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Slovenia is just another country following the same pattern; however, corruption is widespread in our country like elsewhere. The Slovene government is not combating it because [it is] actually part of the problem.”

Former Croatian Prime Minister Ivo Sanader is on trial in the biggest corruption case the Balkan nation has ever seen. His Croatian Democratic Union lost power last year because of the political scandal.

In Slovakia, politicians are accused of taking bribes in exchange for lucrative privatization contracts in 2005 and 2006 in what is known as the Gorilla scandal. It sparked widespread protests earlier this year.

Romanians expressed their frustration in January after Prime Minister Emil Boc dismissed Raed Arafat, a deputy health minister and highly respected reformer. A torrent of anger over corruption and austerity measures swept Mr. Boc’s government from power the next month.

The current ruling Social Democratic government is also tainted with graft. After only a week in power, the education minister resigned after he was accused of plagiarism. Also former party leader Adrian Nastase, was sentenced to two years in prison after conviction for misuse of public funds in January.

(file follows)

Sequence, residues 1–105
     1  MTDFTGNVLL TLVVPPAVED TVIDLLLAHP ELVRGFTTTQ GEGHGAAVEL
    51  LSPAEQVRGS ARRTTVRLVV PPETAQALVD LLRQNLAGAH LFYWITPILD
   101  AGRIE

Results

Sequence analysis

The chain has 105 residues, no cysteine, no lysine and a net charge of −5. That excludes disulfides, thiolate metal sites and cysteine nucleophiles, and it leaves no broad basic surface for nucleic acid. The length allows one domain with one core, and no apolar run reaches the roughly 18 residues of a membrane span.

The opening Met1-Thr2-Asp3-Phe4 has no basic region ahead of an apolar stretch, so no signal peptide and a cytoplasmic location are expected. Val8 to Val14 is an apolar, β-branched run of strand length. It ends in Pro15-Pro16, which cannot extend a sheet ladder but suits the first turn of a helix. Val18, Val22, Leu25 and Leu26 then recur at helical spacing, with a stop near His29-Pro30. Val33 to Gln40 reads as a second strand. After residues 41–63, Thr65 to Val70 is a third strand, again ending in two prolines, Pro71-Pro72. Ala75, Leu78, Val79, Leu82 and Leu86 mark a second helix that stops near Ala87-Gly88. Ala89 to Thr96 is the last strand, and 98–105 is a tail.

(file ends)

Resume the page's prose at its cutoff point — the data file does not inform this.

Hungarians have been protesting a new constitution that has been heavily criticized for centralizing power and undermining democratic institutions. Some EU leaders have also denounced Prime Minister Viktor Orban’s government over the constitution.

Some analysts have noted the irony that many of those now accused of abusing power were once deeply involved in the fight against authoritarian rule.

Mr. Orban was a firebrand young activist famous for a 1989 speech calling for democracy and the withdrawal of Soviet troops.

• Blaz Zgaga contributed to this report from Ljubljana and Jan Richter from Prague. Ruby Russell reported from Berlin.